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26 Aug 2006
Whatever you think the answer is (typically about ten bucks), the answer is likely to change radically for the worse, based on new contracts that ICANN is planning to approve. On July 28th ICANN posted proposed new contracts for .ORG, .BIZ, and .INFO, for a public comment period that ends four days from now, on the 28th. There's a lot not to like about these proposed contracts, but I will concentrate here on two related particularly troublesome areas, pricing and data mining.
The current contracts all set a fixed price per domain per years for each TLD. In .ORG it's $6, .BIZ it's $5.30, and .INFO it's $5.75. The proposed contracts keep the same prices, but let the registries change the prices unilaterally with six months' notice to the registrars (not the registrants.)
George Kirikos has published a note outlining some of his concerns, along with an astonishingly naive response from Vint Cerf to them. His main concerns are about differentiated pricing like .TV has tried to do, without notable success. If they crank up the prices on available domains, that seems kind of sleazy but easy enough to work around. The problem is renewals; there's nothing to prevent the registries from charging any price they want for a domain that is well known. If they decided that the renewal price for icann.org is now $100,000, what is ICANN going to do?
Since the agreements say that the registries have to give six months notice to the registrars, Vint Cerf said in a message to Kirikos, that in case of a price increase, registrants will just renew for ten years, and lock in the price, which either will solve the problem or deter registries from raising prices. This is unrealistically naive for several reasons. The one that Kirikos pointed out is that ten years may seem like a long time on the Internet, but it's not a long time in real life. The most well known info domain, mta.info, belongs to the New York Metropolitan Transportation Authority which has been around since 1965 and whose predecessors go back to 1906. I suppose that in ten years they could go look for a different domain with a less abusive registry, but it's hard to defend a pricing policy that makes legitimate companies switch names every decade to avoid being shaken down. It also means that registrants who now register a domain for a year or two and then let it expire if the plans didn't work out would defensively register for ten years, just in case. This is basically protection money for the registry, and will have the perverse effect of creating large numbers of abandoned domains not in use by the registrants and not available to anyone else. (No doubt the registrars will "solve" this problem by parking click farms on them.)
A more serious problem is that although the registries have to notify the registrars of a price change, there's no rule that requires the registrar to pass the news along to the ultimate victims. If the registrar were to set its price to, say, the registry price plus 40%, what incentive do they have to tell a customer to renew now for $9 rather than next year for $500? Anyone who says "oh, they would never do that" must not have dealt with many registrars. It is telling that the proposed agreements, which include a long list of required provisions in all registry-registrar contracts, could easily say that registrars must pass along word of a price change, but they don't.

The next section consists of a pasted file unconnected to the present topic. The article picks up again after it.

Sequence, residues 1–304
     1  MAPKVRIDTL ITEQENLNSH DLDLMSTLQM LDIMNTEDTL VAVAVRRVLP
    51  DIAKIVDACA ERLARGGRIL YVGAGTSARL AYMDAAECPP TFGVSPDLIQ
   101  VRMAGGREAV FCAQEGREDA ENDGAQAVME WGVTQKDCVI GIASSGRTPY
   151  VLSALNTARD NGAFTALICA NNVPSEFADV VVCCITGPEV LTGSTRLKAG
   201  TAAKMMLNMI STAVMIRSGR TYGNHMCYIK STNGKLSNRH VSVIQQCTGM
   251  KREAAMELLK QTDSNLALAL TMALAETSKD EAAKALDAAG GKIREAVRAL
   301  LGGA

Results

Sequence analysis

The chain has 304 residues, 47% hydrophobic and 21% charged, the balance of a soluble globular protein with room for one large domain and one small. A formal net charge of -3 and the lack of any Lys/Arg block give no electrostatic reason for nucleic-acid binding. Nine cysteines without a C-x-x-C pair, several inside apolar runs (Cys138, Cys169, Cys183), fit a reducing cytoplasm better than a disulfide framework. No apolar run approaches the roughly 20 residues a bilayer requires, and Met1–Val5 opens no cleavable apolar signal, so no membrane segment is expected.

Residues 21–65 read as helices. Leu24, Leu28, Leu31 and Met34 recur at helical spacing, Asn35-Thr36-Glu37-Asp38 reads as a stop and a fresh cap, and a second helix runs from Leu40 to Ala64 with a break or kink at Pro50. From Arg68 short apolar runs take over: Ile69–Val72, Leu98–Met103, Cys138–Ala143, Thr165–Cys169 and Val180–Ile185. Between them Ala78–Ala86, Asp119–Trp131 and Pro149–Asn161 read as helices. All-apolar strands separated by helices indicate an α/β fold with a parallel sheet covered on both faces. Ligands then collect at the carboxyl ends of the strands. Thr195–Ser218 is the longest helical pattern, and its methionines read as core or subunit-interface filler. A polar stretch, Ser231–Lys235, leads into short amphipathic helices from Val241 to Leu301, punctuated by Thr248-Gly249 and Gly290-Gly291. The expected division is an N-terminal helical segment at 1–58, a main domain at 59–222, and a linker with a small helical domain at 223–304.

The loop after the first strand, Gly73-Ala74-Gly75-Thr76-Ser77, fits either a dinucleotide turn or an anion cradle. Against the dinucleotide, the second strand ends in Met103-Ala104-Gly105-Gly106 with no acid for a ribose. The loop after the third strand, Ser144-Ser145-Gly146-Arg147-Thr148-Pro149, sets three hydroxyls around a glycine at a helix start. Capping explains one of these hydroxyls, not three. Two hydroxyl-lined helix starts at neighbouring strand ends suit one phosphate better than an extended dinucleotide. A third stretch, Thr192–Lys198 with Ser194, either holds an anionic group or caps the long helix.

Danny Younger pointed out in a phone call that the proposed contracts also specifically permit registries to sell DNS traffic information about non-existent domains, thereby making it much easier to identify and squat on all of the most commonly mistyped domain names. As I've said elsewhere, I think it would be much more productive to persuade Google and Overture to stop paying for clicks on pages without useful content since typosquats are far from the only place this noxious practice occurs, but there are probably other abuses of combined DNS data mining and differential pricing that we haven't figured out yet.
So I have a few suggestions to avoid the damage that differential pricing would cause.
The simplest, fairest, and most obvious solution is to avoid it. All of the registries are doing well enough at the current fixed price to want to renew, so there is no reason to change from a fixed price. An obvious price to level the playing field is $4, what the current agreement for .net sets. Registries are largely automated, computers keep getting cheaper, and even the huge artificial load caused by domain tasting and sniping (trying to grab expired domains the millisecond after they're released) doesn't seem to have affected their profit margins enough to be worth doing anything.
If we can't agree to be that sensible, the next least bad option would be something like .com, all the prices are the same even though the overall price goes up at a limited rate.
If ICANN is determined to permit differential pricing, the worst abuses affect registrants (such as me) who registered domains in good faith assuming that the price we paid was pretty much the price we would continue to pay. This suggests that once a domain is registered, the price for that domain is fixed for all renewals and transfers until and unless the registrant decides to abandon it.
From a simple viewpoint of consumer protection, it is at least as important to notify registrants of price increases. If the increase is small, say, up to 25% over what it was the last time the registrant registered or renewed the domain, e-mail would be OK. If the price increase is substantial, it really needs to be something more substantial, like a paper letter. If registries think that would be too expensive, they could save themselves a lot of money and hassle by not raising the price.
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